What's the best way to achieve an effect like this cover? enter image description here

I was thinking to basically start with random grayscale rectangles, a layer of thinner rectangles set to multiply, and then somehow warp it? Does anybody have a way to warp it and have it not look stupid and/or simply a more efficient way?


I'd just go with the classic move-picture-around-on-a-photocopier trick. Google "photocopier distort" as that's basically what this is. I don't think it's really worth the effort of trying to fudge it in Photoshop when it's so fun and easy to do it properly. A computer scanner would also work but it'll never give the rough quality that an old black and white photocopier will though.

If you really want a Photoshop only method then Filter > Distort > Shear... is probably your best friend. You have to rotate the image to do it different directions.

I took my image from the newspaper photo thing yesterday (How to make scanned newspaper effect?) and messed around with the Shear tool and a little bit of the other distort options to make the following image. I also found Filter > Sharpen > Unsharp Mask... was nice to finish it off.

Here are a couple random variations:

enter image description here

enter image description here

Still no where near as good (or as fun) as doing it properly! I don't have a photocopier within reach of my bed though sorry!

  • Interesting solution, in that case he would have to print some rectangles to create the pattern, right? – Rosenthal Sep 10 '14 at 0:52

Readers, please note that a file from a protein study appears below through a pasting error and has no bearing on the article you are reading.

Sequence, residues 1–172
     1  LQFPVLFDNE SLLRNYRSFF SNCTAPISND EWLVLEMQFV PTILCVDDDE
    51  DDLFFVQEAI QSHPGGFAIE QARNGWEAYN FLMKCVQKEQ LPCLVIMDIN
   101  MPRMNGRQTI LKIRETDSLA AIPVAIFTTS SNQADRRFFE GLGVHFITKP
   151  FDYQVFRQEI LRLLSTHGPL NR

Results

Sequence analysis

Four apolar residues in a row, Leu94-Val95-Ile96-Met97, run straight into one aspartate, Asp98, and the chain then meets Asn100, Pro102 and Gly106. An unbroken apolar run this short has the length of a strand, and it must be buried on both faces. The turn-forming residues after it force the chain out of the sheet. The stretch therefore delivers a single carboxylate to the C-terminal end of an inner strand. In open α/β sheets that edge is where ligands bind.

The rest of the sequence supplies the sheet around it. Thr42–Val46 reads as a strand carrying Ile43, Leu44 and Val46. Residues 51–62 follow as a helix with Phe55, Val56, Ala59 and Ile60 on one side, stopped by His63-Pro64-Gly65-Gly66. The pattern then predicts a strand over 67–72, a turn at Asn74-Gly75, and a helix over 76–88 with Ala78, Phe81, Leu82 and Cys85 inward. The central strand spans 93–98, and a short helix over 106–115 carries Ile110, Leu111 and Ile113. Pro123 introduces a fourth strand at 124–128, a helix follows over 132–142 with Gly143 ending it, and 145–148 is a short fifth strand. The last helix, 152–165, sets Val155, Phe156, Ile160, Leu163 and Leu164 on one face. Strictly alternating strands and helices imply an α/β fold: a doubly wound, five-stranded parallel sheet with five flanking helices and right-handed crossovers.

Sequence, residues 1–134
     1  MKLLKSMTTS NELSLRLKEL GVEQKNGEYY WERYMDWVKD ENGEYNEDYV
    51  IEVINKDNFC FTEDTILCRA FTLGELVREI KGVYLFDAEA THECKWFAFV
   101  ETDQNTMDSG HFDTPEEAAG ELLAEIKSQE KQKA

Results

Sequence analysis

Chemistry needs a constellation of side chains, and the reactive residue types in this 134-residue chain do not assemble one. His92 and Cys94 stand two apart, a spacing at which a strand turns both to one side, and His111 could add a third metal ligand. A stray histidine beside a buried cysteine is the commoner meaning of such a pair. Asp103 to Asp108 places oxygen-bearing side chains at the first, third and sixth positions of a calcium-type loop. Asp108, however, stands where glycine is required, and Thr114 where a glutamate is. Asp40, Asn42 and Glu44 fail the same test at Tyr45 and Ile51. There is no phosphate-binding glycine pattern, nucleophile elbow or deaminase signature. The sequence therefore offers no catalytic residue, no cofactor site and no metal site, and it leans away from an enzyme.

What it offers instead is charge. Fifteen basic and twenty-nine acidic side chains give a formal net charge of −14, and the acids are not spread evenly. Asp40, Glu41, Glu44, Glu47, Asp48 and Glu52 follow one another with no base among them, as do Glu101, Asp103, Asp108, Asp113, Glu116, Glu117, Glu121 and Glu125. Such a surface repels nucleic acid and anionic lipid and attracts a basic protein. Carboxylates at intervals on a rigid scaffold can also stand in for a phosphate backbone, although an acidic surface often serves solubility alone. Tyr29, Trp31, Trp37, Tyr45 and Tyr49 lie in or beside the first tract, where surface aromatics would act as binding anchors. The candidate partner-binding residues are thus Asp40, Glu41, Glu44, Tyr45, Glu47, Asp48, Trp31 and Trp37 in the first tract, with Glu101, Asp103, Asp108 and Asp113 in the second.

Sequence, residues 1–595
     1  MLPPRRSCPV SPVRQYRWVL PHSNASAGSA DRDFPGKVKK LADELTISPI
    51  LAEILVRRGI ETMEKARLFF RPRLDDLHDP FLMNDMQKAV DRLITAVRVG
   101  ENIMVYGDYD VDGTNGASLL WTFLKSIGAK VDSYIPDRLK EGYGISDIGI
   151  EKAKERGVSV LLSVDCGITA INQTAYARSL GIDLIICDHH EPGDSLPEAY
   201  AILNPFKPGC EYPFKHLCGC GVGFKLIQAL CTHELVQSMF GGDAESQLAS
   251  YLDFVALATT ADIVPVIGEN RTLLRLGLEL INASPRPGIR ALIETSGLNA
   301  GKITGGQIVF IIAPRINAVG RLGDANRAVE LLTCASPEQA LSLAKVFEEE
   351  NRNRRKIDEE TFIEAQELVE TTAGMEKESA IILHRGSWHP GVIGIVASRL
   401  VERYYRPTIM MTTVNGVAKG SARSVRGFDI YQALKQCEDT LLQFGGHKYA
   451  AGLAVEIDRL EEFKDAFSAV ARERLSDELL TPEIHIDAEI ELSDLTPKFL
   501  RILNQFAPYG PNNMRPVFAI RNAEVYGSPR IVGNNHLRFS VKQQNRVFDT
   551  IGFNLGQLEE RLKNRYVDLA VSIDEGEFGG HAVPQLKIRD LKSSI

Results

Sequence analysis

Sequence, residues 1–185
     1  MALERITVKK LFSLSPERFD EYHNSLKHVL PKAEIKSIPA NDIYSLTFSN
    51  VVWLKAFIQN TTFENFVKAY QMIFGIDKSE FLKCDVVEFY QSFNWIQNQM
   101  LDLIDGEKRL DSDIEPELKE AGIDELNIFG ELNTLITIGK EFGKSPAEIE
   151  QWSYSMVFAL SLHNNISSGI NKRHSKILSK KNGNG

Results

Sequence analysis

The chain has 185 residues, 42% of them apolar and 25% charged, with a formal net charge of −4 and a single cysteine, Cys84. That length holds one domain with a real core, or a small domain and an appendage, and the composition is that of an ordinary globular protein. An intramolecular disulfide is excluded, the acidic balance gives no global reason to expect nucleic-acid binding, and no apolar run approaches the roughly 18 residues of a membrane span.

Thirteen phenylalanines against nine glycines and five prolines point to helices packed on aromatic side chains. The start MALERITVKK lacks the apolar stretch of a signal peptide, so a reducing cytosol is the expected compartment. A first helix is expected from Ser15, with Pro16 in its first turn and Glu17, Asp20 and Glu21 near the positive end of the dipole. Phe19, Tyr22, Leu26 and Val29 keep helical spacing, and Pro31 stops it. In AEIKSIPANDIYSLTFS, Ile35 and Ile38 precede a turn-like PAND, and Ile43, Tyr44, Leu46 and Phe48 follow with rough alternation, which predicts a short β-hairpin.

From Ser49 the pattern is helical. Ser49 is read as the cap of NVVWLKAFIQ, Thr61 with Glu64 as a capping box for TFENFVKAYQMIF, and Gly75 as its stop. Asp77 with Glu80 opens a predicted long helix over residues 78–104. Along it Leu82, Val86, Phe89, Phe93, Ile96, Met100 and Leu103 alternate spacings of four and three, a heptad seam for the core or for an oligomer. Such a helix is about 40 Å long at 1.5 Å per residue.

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    Just start with a random photo... Or an object. Or your face and hands even. Move it while it photocopies and then you can always photocopy the photocopy too. – marcusdoesstuff Sep 10 '14 at 0:55

Stock Footage

This is my third attempt:

enter image description here

I applied Wave, Shear, Gaussian Noise, Polar Coordinates, to three rectangles and the results (after 15 minutes) are unrealistic.

I highly recommend that you use Stock Footage. Even in professional compositing packages like After Effects or Nuke realistic noise is very complex to implement.

I googled TV signal noise and in less than 30 seconds I found many images and videos similar to your cover.

  • You should work in a much higher res before scaling down here. – marcusdoesstuff Sep 10 '14 at 0:32
  • @marcusdoesstuff, what you are seeing is the result of cropping multiple times, when you displace the image, Photoshop warps around the content making the result tileable, repetitive. Cropping is the only way to make the result "unique". – Rosenthal Sep 10 '14 at 0:37

tried my hand using just rectangle shapes. applied shear, then massaged two layers (one noise, one halftone copy of shapes). its about subtle mixing of these layers and levels. also 'wind' is your friend in this, too. my process is just warping the heck out of things. enter image description here

  • Welcome to GD! Do you mind editing your answer with what you did do because at this time your answer doesn't help the OP's question since he asked how to achieve "this" effect and you post "I forget" – DᴀʀᴛʜVᴀᴅᴇʀ Sep 10 '14 at 18:39
  • ok then, i tried – sparetime Sep 10 '14 at 18:45

I would probably just start with columns and use the smudge tool.

enter image description here

quick and dirty

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    smudge tends to look blurry and just too photoshoppy – cervidae Sep 10 '14 at 0:03

You can check my illustrator add-on here for the vector object: http://graphicriver.net/item/distorted-vectoreffect/10916541

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    Hi, welcome to the site! Sharing your own self made proprietary software solution is acceptable with disclosure as you have done, but if you could show us an example output that matches what the question asks for then your answer would be greatly improved. – JohnB Mar 27 '15 at 15:26

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